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we are back joined by our roundtable, nbc news white house correspondent sa vag na guthrie, senior fellow at contributing editor to foreign policy magazine tom republicanicks, au "obama's wars," bob woodward and contributing analyst to the bbc, ted koppel. welcome to all of you. and, ted, welcome.
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pleasure to have you here. i want to start with you. we've just heard this discussion, particularly the secretary of defense, saying that this campaign in libya l a. pretty high stakes for the president. >> yes. and i don't think he'll be able to ask the central question. you asked the right question in talking about the national interest. the question hasn't yet been answered as to why it is that libya, of all countries in the region, has won the humanitarian defense sweepstakes of 2011. we have seen many countries, both in the region and throughout the world, where civilian loss and civilian suffering has been much, much greater, congo, we've lost about 5 million people, sudan 2 million to 3 million people, never any talk of military intervention. take a look at what's going on in the ivory coast today. secretary clinton was talking about the number of refugee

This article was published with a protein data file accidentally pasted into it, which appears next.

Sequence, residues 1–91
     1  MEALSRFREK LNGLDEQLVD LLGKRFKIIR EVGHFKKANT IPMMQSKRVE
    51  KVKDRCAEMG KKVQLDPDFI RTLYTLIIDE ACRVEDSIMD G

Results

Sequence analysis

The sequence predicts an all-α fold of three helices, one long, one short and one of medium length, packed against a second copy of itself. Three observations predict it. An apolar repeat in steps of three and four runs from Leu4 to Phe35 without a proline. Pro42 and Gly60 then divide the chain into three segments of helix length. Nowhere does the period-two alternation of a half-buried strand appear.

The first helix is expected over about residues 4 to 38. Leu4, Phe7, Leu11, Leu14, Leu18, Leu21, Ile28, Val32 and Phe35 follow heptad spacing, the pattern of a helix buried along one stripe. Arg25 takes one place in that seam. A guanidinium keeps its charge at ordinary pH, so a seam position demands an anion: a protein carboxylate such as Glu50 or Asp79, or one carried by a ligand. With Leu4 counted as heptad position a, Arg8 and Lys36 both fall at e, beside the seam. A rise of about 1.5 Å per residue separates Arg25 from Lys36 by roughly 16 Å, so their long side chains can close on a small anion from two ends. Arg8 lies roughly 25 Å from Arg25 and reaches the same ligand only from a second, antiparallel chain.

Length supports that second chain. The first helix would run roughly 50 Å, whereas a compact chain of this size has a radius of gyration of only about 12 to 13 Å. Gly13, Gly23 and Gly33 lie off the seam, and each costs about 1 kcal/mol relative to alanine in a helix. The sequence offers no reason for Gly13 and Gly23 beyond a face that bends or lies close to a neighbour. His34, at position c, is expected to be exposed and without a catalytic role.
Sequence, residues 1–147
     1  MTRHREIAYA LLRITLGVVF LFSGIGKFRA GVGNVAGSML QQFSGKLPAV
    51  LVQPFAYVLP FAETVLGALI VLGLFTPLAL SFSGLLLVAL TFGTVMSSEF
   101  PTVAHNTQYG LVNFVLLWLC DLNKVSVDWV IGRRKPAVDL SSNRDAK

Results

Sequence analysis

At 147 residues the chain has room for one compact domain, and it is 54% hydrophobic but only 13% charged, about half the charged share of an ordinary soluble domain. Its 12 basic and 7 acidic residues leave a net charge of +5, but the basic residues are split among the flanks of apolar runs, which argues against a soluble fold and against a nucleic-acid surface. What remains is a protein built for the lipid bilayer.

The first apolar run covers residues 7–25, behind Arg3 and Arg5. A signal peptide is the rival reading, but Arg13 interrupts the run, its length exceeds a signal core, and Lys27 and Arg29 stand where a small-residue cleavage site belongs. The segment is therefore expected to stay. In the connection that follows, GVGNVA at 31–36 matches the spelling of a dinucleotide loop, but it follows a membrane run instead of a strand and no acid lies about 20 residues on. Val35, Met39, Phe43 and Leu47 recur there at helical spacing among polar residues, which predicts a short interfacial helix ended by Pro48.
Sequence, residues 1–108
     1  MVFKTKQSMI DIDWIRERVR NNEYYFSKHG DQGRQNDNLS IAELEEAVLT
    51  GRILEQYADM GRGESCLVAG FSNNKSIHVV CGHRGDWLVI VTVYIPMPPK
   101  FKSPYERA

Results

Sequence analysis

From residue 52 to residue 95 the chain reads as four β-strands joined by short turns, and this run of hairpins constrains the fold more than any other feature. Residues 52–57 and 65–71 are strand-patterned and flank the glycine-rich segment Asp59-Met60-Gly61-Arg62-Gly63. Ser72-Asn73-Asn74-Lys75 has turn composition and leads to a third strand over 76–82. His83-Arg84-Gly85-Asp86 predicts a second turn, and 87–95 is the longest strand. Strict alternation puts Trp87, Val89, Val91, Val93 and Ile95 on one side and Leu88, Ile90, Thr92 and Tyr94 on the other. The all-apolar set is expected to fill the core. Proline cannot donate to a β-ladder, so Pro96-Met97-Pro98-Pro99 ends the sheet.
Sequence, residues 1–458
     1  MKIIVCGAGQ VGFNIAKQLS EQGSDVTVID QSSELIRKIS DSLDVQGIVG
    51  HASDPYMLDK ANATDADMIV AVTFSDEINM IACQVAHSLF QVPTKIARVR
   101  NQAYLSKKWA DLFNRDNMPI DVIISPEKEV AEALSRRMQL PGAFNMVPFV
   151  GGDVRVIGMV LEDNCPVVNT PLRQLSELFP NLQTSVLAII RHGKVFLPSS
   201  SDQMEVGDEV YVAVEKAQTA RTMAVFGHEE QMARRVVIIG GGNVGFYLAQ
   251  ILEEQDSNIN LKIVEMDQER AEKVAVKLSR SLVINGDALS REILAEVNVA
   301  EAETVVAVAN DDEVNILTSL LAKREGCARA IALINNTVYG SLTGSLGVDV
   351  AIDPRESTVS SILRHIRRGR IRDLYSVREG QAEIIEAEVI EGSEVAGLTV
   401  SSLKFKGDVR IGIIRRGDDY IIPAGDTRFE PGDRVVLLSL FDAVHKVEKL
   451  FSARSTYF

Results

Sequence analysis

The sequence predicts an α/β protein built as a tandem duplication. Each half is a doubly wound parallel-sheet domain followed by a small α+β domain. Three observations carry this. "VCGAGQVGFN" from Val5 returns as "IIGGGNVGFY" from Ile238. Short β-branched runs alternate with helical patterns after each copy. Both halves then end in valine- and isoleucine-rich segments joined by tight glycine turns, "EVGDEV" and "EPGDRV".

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that's might have come out of a gadhafi attack on benghazi. we've got 700,000 refugees in the ivory coast right now, close to 1 million, in fact. why, why libya? hasn't been answered. >> do you think, savannah, that the president will make the case that in many ways this was a message being sent to the rest of the arab world, particularly the persian gulf, they felt they had to take a stand here? >> i think they felt they had to make a stand because you have to put this in the context of the arab spring. when you look at libya, you have to be looking at what happens -- what's going on with its neighbors. in fact, this week in south america, i asked the president point-blank, what is the national security interest of the u.s. in libya? and he cited egypt, tunisia, unrest in the region. the president is going to have to put it in that context. what's so fascinating about his rhetoric, though, is while he's saying the u.s. will take this